The rainbow colored stage spotted in the middle of Apple Park was built for a May 17th special event celebrating the formal opening of the new campus and the life of Steve Jobs, reports CultofMac.
According to an article on AppleWeb, thirty unique machined components form the building blocks for the massive rainbow arch. Those building blocks are used repeatedly so the structure can be setup and taken down for other special events. In total around 25,000 parts make up the structure and its metal skeleton.
Tait, a company that creates custom concert staging, and Stageco, a structural engineering company, worked with Apple’s Industrial Design group to create the arches.
“Once we had a design, we needed to figure out how to create something that was pristine and curved, that could sit outside, would be easy to put up and take down, and we needed to do all this in eight weeks,” Marissa Parr from Tait told AppleWeb. “To make all that happen, we realized we needed to make everything as uniform as possible, arch to arch.”
AppleWeb also talked to Chief Design Officer Jonathan Ive about the stage.
If you’ve been to Apple Park lately, you’ve seen it: a rainbow has appeared in the middle of the ring. It’s the latest of Jony Ive’s team’s creations — this time crafted specially for our Apple family and the May 17 special event at Apple Park. The event is both a celebration of the opening of the new campus and a tribute to Steve. AppleWeb spoke with Jony about the design intent of this extraordinary structure.
On the inspiration behind the rainbow
It’s good to make things for other people. That is of course our preoccupation and our occupation at Apple. But it’s particularly special to be able to make things for the Apple team. That was the motivation and fuel to design and make Apple Park, and in the same way, it’s the motivation and the same sort of joy that we have had making the rainbow.
Our goal was to create a stage that would become immediately recognizable as the Apple Stage. The idea for the rainbow was one of those rare occasions where the earliest thoughts worked on a number of different fronts.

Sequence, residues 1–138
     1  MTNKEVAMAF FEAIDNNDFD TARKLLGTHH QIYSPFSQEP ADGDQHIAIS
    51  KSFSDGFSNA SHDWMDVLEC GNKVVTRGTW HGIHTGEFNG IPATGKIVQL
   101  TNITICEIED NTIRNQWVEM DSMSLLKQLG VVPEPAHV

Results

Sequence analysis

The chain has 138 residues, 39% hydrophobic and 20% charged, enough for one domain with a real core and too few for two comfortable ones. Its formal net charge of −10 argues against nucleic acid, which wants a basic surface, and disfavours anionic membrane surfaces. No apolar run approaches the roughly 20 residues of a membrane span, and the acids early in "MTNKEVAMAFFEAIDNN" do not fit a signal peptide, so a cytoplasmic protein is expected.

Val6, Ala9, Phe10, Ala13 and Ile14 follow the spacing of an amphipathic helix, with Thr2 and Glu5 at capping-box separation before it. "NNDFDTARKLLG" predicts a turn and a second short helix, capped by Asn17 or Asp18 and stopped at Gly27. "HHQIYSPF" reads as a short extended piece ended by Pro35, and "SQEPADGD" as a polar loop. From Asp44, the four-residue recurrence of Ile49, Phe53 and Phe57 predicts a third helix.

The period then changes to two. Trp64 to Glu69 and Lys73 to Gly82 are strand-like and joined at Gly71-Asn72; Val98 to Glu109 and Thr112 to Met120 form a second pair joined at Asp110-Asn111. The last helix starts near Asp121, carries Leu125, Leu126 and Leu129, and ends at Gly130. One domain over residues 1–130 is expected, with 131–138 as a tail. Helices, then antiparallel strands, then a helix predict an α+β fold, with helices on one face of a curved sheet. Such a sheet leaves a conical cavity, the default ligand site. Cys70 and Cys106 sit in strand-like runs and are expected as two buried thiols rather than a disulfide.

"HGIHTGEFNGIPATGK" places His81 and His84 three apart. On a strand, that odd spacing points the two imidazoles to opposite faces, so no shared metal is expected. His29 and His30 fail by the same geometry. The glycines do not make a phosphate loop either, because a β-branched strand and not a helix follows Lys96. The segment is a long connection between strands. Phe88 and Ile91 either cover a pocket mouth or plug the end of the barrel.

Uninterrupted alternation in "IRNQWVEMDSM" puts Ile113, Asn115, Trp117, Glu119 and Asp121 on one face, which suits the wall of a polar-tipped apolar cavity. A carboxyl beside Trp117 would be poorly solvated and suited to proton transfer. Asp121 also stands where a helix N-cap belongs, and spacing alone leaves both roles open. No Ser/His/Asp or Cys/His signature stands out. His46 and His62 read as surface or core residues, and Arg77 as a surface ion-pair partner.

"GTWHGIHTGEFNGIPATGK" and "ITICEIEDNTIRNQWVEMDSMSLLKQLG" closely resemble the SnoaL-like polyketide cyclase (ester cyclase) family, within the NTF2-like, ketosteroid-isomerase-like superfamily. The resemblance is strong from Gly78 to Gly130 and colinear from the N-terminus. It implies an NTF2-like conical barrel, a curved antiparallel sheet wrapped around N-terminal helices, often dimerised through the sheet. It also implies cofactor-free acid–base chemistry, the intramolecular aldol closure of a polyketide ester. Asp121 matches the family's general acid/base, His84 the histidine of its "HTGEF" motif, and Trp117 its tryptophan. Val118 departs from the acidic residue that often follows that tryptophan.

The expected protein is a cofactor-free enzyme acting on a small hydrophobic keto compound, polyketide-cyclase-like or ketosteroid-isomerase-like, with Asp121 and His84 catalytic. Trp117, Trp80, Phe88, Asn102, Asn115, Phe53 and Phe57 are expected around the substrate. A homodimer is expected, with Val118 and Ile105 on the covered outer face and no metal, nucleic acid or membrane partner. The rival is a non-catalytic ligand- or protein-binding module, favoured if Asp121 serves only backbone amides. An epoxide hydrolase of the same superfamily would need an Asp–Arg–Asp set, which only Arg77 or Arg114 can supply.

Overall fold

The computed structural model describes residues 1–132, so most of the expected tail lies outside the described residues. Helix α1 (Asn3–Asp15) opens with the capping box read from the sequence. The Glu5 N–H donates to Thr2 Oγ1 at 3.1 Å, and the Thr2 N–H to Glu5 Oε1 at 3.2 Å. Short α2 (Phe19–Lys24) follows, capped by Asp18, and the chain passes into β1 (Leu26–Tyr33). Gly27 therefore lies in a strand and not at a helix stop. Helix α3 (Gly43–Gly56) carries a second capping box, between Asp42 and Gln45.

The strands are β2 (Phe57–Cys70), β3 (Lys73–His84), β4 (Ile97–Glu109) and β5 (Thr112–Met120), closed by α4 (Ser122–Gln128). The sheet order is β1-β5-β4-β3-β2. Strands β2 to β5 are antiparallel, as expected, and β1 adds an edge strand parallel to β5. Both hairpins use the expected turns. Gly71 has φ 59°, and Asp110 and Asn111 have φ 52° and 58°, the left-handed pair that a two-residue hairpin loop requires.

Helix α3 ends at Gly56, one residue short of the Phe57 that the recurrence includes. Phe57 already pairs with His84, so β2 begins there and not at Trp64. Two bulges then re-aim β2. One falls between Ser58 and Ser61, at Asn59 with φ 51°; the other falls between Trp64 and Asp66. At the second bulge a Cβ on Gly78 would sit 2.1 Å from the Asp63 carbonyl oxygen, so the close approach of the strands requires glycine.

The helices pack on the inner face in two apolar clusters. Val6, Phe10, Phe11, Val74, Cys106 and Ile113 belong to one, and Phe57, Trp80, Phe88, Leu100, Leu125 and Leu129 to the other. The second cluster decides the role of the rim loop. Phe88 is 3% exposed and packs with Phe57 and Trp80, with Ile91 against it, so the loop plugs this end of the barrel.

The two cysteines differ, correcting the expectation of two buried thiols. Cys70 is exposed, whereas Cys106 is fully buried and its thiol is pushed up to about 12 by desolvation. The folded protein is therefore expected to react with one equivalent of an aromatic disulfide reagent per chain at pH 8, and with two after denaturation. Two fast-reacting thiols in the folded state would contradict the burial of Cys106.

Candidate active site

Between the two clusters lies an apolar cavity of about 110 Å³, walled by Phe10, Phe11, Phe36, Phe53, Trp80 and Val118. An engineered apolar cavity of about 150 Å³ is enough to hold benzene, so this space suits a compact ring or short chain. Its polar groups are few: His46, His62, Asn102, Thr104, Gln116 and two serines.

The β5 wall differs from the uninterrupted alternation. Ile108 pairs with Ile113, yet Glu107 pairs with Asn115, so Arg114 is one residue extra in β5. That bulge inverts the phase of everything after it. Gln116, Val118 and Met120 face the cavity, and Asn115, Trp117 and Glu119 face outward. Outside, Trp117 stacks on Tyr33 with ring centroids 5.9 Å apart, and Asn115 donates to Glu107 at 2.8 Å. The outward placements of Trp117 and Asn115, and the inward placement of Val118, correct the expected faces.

There is the resonance with the rainbow logo that’s been part of our identity for many years. The rainbow is also a positive and joyful expression of some of our inclusion values and I think that one of the primary reasons the idea resonated so immediately and so profoundly with us was the form — the connection from an aesthetic design point of view. A semi-circle relates so beautifully and naturally to the form of the ring.
On the design intent
We developed the idea to be a three-dimensional object so that it could be appreciated in the round — not just the front.
If you look at a plan view of Apple Park, the rainbow occupies an almost insignificant area. But it has a relevance and impact that is disproportionate to the area it occupies.
My space in Apple Park is on the external part of the perimeter. But I can see the rainbow reflected in the ceiling all the way through to where I sit. That truly wasn’t planned but one of those lucky accidents.
We had planned the way in which the colors interplay between the discrete bands of the rainbow throughout the day making it more vital and fluid. There are some wonderful but subtle combinations and reflections.
On the creative process
Our rainbow is typical of the design team’s multi-year collaboration with the architects Foster +Partners and designers Gainsbury and Whiting.
When we designed and developed Apple Park, one of the reasons that we enjoyed such an effective and close collaboration was our shared commitment to model making and prototype building.
The rainbow’s presence and optimism is keenly felt in many places and at the end of the day — it’s hard to find somebody that doesn’t love a rainbow.”
Check out a drone video of the stage here and hit the link below to learn more about it.
This article was originally posted here